To treat chronic pain among athletes, she noted that results were difficult to isolate because the athlete might also be using supplements and other compounds, therefore masking the effects of the CBD or cannabis. She could not make a recommendation at this time but is hopeful more studies will help determine the positive effects of CBD and cannabis.
Peek did point out a new and very important study for Northwestern University’s Pharmacology Department, conducted by Doctors R.J. Miller and R.E. Miller, and published in January, 2017. In it they determine that cannabis should be taken seriously as a treatment and shows “a lot of promise.”
In overall studies they reported the effects of cannabinoids on joint disease, stating, “many individuals report they do benefit from their use.”
So there is substantial anecdotal evidence. They go on to say “a recent survey of users in Arizona reported a very high frequency of satisfaction with the results [of cannabinoids],” for fibromyalgia, arthritis and neuropathic pain, which plagues many people on and off the field.
The study’s authors also reported that those who suffered from the latter experienced, “a lot or almost complete pain relief,” and there “was a lower use of other pain relief medications like opioids.” They further indicated that the pre-clinical and human data that does exist indicates cannabis should be taken seriously as a potential treatment for joint pain, calling it “one of the possible and most obvious choices.”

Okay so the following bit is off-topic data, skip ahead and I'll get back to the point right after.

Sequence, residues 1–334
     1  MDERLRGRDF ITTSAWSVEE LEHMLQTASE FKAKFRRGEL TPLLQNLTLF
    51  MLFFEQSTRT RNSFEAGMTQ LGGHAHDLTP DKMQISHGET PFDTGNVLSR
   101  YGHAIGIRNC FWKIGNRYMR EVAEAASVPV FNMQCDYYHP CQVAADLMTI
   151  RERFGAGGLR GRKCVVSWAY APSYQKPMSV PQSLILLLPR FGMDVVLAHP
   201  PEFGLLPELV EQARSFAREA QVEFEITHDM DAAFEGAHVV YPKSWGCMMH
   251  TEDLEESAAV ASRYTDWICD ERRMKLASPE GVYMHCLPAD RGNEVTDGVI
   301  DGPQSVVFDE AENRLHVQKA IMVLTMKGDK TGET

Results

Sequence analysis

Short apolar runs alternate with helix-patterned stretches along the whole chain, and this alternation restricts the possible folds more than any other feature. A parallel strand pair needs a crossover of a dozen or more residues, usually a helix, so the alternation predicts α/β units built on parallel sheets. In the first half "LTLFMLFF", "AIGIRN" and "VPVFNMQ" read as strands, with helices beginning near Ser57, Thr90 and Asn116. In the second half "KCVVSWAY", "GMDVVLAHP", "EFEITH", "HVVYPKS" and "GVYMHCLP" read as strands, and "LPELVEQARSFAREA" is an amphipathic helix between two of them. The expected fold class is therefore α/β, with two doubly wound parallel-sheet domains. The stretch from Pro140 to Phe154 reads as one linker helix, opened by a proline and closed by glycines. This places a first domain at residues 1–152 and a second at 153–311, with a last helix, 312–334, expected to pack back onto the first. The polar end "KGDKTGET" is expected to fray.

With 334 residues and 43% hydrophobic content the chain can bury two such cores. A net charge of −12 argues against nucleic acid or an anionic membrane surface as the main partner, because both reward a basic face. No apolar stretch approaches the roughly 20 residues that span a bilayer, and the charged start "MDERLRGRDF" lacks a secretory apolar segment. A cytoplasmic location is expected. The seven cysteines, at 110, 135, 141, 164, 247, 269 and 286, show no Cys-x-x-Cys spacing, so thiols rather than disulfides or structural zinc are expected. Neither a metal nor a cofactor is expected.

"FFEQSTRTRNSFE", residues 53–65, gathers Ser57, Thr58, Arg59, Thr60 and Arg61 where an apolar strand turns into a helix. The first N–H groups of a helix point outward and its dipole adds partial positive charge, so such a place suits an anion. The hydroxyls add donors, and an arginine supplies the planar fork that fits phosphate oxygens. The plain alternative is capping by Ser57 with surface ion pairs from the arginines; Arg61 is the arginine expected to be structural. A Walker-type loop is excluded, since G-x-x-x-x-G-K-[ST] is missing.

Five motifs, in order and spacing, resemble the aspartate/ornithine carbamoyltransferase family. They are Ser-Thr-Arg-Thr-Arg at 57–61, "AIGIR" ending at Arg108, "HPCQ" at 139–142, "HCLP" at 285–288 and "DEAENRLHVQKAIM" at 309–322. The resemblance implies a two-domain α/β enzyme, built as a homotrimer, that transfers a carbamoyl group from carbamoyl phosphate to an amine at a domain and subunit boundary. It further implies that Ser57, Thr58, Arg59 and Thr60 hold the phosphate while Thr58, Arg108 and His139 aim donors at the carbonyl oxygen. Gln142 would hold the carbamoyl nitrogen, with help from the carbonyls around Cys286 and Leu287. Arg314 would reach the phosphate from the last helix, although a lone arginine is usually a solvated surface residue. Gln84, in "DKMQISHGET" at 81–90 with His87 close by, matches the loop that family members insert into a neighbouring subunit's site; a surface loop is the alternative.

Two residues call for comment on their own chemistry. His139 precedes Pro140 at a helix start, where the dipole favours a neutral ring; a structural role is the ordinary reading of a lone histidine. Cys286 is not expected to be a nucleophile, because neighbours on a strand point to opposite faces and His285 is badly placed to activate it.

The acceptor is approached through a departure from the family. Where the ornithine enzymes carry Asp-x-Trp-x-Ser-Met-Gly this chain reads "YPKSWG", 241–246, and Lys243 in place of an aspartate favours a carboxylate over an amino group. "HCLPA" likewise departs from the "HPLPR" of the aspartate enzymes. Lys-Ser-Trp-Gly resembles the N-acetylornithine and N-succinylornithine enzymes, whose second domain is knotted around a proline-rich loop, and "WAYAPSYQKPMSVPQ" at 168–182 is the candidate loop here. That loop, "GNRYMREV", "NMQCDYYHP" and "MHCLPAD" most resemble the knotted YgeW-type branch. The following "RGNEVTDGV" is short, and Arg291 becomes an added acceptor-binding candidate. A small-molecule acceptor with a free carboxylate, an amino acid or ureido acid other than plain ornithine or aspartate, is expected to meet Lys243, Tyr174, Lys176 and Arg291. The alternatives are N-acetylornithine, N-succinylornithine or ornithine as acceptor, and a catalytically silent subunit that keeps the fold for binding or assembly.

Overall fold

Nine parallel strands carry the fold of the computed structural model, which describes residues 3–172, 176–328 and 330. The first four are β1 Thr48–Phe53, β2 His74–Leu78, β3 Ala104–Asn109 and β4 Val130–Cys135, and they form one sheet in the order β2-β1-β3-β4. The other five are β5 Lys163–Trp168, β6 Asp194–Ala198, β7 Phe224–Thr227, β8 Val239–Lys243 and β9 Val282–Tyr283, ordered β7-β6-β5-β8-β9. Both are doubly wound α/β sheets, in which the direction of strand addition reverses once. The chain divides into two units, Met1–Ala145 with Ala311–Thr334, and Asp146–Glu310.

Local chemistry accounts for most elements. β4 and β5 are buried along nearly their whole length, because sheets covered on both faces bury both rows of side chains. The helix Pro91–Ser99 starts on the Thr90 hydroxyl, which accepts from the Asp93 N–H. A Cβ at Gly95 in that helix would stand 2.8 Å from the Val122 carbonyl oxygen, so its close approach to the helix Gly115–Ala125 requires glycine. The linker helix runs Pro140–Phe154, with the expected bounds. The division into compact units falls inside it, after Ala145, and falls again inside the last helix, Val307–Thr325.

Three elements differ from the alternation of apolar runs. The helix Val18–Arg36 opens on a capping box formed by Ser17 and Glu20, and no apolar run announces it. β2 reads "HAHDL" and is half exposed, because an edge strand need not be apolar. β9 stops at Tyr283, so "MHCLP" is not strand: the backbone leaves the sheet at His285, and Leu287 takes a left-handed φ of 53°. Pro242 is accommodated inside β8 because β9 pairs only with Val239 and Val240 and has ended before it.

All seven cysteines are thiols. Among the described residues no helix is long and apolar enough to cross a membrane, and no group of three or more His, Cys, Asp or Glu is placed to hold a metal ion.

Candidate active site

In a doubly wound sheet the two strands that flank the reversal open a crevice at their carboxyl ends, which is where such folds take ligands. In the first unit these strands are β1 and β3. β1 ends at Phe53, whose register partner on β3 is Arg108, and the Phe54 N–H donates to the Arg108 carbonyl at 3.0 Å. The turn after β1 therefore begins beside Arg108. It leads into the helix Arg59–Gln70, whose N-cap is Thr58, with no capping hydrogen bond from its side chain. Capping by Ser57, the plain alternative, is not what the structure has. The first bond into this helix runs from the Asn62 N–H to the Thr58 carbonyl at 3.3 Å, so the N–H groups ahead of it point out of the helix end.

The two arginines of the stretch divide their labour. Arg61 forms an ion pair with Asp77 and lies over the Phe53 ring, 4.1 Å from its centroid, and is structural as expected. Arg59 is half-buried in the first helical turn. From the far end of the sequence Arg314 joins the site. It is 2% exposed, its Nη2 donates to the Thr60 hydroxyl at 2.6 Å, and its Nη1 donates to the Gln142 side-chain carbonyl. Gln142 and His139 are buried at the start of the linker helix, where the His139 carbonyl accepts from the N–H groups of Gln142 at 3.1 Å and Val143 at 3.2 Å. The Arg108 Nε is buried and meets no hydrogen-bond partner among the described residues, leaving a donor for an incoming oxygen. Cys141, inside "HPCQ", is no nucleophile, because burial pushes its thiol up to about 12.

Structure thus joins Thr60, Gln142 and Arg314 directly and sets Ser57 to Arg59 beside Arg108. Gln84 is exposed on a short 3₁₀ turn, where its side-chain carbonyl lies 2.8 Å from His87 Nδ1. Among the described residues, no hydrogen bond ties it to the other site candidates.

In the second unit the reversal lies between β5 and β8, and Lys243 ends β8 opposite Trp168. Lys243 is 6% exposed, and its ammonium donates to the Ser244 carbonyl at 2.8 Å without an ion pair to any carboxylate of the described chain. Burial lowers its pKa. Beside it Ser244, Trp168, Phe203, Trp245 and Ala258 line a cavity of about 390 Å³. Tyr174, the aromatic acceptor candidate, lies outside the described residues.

Although cannabis is still a schedule I substance, strangely pure THC is not. Known to doctors as Dronabinol or Marinol in its pharmaceutical form, it is used primarily for nausea. Similar drugs like Nabilone, marketed as Cesamet or Sativax in some countries, is sold for neuropathic pain.
There remains a pressing need to have more non-opioid solutions to pain and injury. For that reason the anecdotal reports are useful. The Northwestern University report also says, “There is a widely held view that natural cannabis may have advantages over pure THC in a number of cases owing to the ‘added value’ of the effects of the other molecules included.”
Overall there seems to be a lot of anecdotal medical support for cannabinoids helping with chronic pain and joint relief, two of the most common problems for athletes. The report states “appropriate cannabinoids are effective in limiting joint pain at both the central and peripheral sites.” They go on to say that, “In adults with chronic pain, patients who were treated with cannabis or cannabinoids were more likely to experience a clinically significant reduction in pain symptoms.”
Because of the still sensitive nature of cannabis and CBD among the medical community, even in California, a number of professionals at top universities and sports clinics declined the opportunity to contribute to this article.
More than 22 million Americans over age 12 are using cannabis or CBD daily. That number is on the rise. Members of the medical community have urged for relaxed regulation on cannabis so that large clinical trials can be conducted in the near future. The availability of medical cannabis is now becoming a reality all across the world. Its effects, which offer so much promise, need to be accurately assessed and reported.
Of course, when it comes to your own concerns about sports-related pain or an injury, it’s always best to consult with your own physician.